Californians Spring into Action to Remove Litter, Beautify Neighborhoods during Clean California Community Days Events

SACRAMENTO — Thousands of Californians took part in more than 600 “Spring into Action” Clean California Community Days events throughout the state during an 11-day period to clean up roadways, local streets and public spaces.

The series of events from March 17-27 were part of the Clean California initiative, Governor Gavin Newsom’s $1.2 billion, multiyear cleanup effort led by Caltrans to remove trash, create thousands of jobs and engage communities to transform public spaces.

“Clean California is empowering communities and restoring pride in our shared spaces up and down the state, and I thank the thousands of Californians who banded together for the Community Days events to beautify and transform their neighborhoods,” said Governor Newsom. “By making a difference at the local level, we are helping create a cleaner, more beautiful California for all.”

Members of the Conservation Corps and City of San Jose volunteers work together at a Clean California Community Day in San Jose on March 25.

Clean California Community Days included:

  • Hundreds of local events including: 58 tree planting/gardening events with 363 trees planted; 265 community trash collection events; 202 public community cleanups; 39 educational and entertainment events; and six temporary public art installations.
  • 1.64 million pounds of trash collected during the 11-day period – five times the weight of the Statue of Liberty.
  • More than 10,500 volunteers participated in community beautification efforts.

“The overwhelming response and participation from Californians throughout the state to transform community spaces demonstrates the power of Clean California,” said Caltrans Director Tony Tavares. “With the support of Governor Newsom and the commitment of our communities, we are reducing litter and making lasting positive change.”

“Californians are looking for ways to engage in their communities to green and beautify neighborhoods, and Clean California is a powerful way for them to take action,” said California Chief Service Officer Josh Fryday.

Clean California will continue to engage communities and raise awareness on the negative impact litter has on natural resources, waterways, public safety and public health, driving a cultural shift of shared responsibility and instilling community pride for the cleanliness of our roadways and public spaces. The recently launched “Zero Litter is the Goal” campaign focuses on volunteerism, community activation and grassroots partnerships to maintain the positive momentum of Clean California Community Days.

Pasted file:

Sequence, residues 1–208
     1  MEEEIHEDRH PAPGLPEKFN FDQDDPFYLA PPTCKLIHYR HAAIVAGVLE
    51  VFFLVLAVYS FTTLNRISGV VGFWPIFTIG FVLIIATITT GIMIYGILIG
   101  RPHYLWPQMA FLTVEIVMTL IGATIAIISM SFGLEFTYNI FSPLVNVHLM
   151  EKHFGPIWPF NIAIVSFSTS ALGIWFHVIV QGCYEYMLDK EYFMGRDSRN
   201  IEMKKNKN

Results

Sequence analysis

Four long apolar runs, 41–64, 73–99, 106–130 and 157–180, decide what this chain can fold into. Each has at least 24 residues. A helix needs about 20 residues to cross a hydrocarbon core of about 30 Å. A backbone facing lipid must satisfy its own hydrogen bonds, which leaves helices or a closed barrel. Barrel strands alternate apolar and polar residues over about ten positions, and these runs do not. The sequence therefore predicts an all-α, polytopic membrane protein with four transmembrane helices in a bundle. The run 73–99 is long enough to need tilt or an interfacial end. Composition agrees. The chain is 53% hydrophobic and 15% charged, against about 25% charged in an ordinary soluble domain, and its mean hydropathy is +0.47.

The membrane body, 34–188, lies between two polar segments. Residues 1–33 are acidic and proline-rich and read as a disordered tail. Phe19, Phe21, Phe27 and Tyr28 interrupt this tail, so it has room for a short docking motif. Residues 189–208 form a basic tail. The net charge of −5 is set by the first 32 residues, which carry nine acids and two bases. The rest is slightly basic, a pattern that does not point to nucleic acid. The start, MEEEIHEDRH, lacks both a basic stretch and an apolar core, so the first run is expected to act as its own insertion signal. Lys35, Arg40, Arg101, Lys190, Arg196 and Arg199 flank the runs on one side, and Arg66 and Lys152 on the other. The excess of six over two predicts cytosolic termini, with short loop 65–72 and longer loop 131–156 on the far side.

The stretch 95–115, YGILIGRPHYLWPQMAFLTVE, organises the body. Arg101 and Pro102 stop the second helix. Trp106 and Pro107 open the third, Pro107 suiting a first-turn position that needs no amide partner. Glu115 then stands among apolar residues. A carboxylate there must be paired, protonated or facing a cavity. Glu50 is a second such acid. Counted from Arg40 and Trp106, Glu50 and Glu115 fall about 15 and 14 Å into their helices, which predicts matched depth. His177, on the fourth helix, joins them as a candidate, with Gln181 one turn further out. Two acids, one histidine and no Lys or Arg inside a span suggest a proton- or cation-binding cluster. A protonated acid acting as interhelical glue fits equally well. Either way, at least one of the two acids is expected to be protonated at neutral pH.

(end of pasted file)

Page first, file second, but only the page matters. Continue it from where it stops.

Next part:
To encourage local-level engagement, Caltrans is also developing a program in which communities throughout the state can earn a special Clean California designation by meeting criteria centered around preventing and cleaning up litter, promoting recycling, and greening or beautifying neighborhoods.

To support communities with tools and resources, Caltrans will be providing downloadable public education materials on topics such as litter prevention, volunteer recruitment, and K-12 materials. Additionally, members of the community are encouraged to continue to organize their own cleanup events and can get started by visiting

Since launching Clean California in July 2021, Caltrans and local partners have removed 1.45 million cubic yards of litter from state highways – the equivalent of more than 24,400 tons or enough trash to fill the Rose Bowl over 3½ times. Caltrans has hired more than 850 team members as part of Clean California. Clean California grants have funded 231 projects to revitalize and beautify underserved communities, some of which are already complete and now sources of community pride. In February, Governor Newsom announced a new round of $100 million in grants for local beautification projects.

Volunteers pick up trash along the beach at a Clean California Community Days event in the City of Ventura on March 25.
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